Are we seeing the start of a market shift in mortgage demand? Notably, mortgage rates have been gradually declining, and we’ve observed back-to-back positive weeks in purchase application data for the first time since mid-March. While I typically prefer to see a sustained growth of 12-14 weeks before concluding there’s been a sea change, the low bar in purchase application data suggests that even a slight change could push demand higher if mortgage rates keep falling. 

Let’s dig into the data to understand these developments better.

Purchase application data

When mortgage rates fell more than 1% lower in late 2022 and 2023, we saw a sustained bounce higher in purchase application data, which eventually lead to a higher monthly sales print. Then rates moved higher, pushing demand back near the lows of this economic cycle. I wrote about that and the most recent existing home sales report here.

As mortgage rates trend lower again and some of the labor data is at risk for more downside, it’s time to keep a close eye on how much demand lower rates will generate if they fall more over the next 6-12 months. For now, we just had back-to-back weeks of positive growth, with mortgage rates still around 7%.

Since the onset of falling mortgage rates in November 2023, we’ve seen 14 positive prints, 13 negative prints and two flat prints in the week-to-week data. However, as mortgage rates began to rise earlier this year, we observed a decline in demand. The year-to-date data for 2024 is unfavorable, with 8 positive prints, 13 negative prints and two flat prints. This suggests that we’re not experiencing real mortgage demand growth at high rates and the fluctuations we see in the data are merely rebounds from low levels.

10-year yield and mortgage rates 

Considering the softness in the economic data last week, with retail sales and housing starts at COVID-19 recession levels, which I wrote about here, the 10-year yield held up well. This means that it will take more weakness in the economic data for the 10-year yield to break under 4.20% and head lower. Mortgage rates didn’t move too much either way.

Mortgage spreads

The spread between the 30-year mortgage rate and the 10-year yield has been an issue since 2022 and things got worse after the March 2023 banking crisis. However, this year, spreads have improved.

If we took the worst levels of the spreads from 2023 and incorporated those today, mortgage rates would be 0.47% higher. While we are far from being average with the spreads, the fact that we have seen this improvement is a plus this year.

Weekly housing inventory data

Inventory hit another one of my target levels this week, making it four times this year! My rule of thumb has been that inventory should have some weekly positive prints between 11,000 and 17,000 as long as rates are above 7.25%. Last week we saw positive inventory growth of 13,593!

Weekly inventory change (June 14 -June 21): Inventory rose from 620,539 to 634,132

The same week last year (June 16 June 23), Inventory rose from 451,808 to 460,668

The all-time inventory bottom was in 2022 at 240,497

This week is the inventory peak for 2024 at 634,132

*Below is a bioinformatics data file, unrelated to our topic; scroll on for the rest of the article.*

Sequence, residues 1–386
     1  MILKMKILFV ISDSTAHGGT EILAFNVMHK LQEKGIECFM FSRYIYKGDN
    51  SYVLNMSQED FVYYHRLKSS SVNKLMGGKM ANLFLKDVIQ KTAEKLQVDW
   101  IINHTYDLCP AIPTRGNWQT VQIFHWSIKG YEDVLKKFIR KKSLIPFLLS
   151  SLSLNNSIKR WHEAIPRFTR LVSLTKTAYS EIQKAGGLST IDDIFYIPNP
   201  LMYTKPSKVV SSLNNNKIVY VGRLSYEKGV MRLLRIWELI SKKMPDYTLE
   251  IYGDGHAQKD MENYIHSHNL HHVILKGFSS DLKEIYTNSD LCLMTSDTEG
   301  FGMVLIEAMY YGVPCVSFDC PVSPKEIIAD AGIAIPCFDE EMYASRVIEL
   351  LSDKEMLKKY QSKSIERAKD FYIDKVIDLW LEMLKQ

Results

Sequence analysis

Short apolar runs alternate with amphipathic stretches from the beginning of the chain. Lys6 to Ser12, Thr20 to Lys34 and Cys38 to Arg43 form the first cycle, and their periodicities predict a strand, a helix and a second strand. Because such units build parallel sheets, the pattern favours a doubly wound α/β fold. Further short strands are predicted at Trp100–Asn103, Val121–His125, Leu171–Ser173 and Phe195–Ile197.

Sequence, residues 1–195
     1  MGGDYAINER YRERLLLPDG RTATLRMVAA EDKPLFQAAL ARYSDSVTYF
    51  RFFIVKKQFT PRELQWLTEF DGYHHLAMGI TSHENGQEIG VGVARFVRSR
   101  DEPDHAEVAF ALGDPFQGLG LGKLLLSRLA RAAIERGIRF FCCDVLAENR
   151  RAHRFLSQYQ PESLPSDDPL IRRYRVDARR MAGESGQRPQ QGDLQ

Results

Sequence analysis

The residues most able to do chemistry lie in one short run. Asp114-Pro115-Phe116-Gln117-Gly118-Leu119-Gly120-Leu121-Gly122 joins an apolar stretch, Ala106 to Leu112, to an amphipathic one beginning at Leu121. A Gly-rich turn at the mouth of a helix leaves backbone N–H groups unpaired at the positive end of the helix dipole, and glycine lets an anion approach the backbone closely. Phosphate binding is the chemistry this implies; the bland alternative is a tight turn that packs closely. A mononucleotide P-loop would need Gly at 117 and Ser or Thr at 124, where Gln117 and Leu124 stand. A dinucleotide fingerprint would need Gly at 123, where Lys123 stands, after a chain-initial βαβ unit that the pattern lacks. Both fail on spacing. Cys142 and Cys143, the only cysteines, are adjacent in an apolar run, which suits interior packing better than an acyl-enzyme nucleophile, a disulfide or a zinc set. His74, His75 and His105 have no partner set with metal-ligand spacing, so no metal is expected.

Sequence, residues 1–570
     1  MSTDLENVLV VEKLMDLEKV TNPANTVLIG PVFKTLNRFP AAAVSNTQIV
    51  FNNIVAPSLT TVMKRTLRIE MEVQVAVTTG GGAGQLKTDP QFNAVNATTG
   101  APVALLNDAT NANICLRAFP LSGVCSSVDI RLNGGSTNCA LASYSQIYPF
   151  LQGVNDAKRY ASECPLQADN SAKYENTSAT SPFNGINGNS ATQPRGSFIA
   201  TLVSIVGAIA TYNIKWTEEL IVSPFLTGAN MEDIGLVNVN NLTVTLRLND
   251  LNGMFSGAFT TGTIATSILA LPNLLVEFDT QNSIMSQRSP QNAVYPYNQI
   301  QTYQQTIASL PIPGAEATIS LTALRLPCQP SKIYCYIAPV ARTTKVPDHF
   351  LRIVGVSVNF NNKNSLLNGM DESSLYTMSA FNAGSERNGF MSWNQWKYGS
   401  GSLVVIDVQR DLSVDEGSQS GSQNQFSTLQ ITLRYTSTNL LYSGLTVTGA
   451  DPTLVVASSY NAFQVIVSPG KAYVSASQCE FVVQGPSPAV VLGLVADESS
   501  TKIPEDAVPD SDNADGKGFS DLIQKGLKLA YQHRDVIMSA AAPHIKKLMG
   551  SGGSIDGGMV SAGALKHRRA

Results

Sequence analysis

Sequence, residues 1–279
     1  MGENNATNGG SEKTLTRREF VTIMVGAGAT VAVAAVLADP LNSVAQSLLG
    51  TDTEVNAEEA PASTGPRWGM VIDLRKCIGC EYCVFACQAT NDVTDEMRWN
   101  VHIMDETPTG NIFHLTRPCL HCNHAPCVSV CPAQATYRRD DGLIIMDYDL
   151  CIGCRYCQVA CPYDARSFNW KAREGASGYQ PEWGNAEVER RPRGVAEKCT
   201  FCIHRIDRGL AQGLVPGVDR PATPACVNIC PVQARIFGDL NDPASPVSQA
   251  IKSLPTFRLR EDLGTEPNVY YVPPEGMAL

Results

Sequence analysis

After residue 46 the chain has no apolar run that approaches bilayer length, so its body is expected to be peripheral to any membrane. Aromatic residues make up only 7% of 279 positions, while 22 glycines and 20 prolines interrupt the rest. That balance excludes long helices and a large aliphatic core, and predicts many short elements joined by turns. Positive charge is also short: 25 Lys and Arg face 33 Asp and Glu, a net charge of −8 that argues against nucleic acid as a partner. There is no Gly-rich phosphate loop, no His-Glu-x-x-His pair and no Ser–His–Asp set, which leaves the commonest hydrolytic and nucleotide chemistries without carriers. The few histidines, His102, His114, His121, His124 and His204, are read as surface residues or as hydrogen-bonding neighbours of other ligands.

For some context, active listings for this week in 2015 were 1,180,937

New listings data

Another positive story for 2024 has been the growth in new listing data, as most sellers are buyers. While we aren’t back to the usual trend we had between 2013 and 2019, the fact that we had growth is a plus. Now, context is critical; 2023 new listings data was at the lowest levels ever and 2024 looks to be second in the book. However, I will take this small victory.

The only thing about 2024 is that the growth rate is a bit slower than I was anticipating and it doesn’t look like I am going to get the bare weekly minimum for a seasonal peak of 80,000 this year. Here are the new listings for last week over the last several years:

2024  71,678

2023: 62,374

2022: 83,347

Price-cut percentage

In an average year, one-third of all homes take a price cut — this is just traditional housing activity. When mortgage rates increase, demand falls and the price-cut percentage grows. When rates drop and demand improves, the price-cut percentage can fall. This data line is seasonal, and we have seen consistent year-over-year price-cut percentage growth since the end of March. This is much different than what we saw in 2023L even when mortgage rates headed toward 8%, the price cut percentage data was negative year over year. Of course last year, we had less inventory. 

A few weeks ago, in the HousingWire Daily podcast I discussed that the price cut data will cool down in the second half of the year in. Here are the price-cut percentages for last week over the previous few years:

2024: 37%

2023: 32%

2022: 29%

Pending sales

Below is our weekly pending contract data year-over-year to show real-time demand. With more sellers who are buyers, we have a tad more demand this year. This contract data will grow if mortgage rates head lower and stay lower. This is why it’s vital to follow the 10-year yield, mortgage purchase apps,and weekly pending contract data to get real-time clues on demand well ahead of the existing home sales reports. 

2024: 396,153

2023: 385,699

2022: 449,777

The week ahead: Home prices, home sales and Fed speeches

This week, we have a few housing reports: New home sales, which is critical to the economic cycle; pending home sales; and two home-price index reports. We have a lot of Fed presidents speaking and it will be increasingly more interesting to see if we see any changes to their verbiage.

The labor market in America is no longer tight, even Fed Chair Powell finally admitted that some of the labor data are back to pre-COVIDC-19 levels. To me, this lays the groundwork so that some Fed members who don’t want to see a recession have the ability to sound more dovish if the labor data gets worse.

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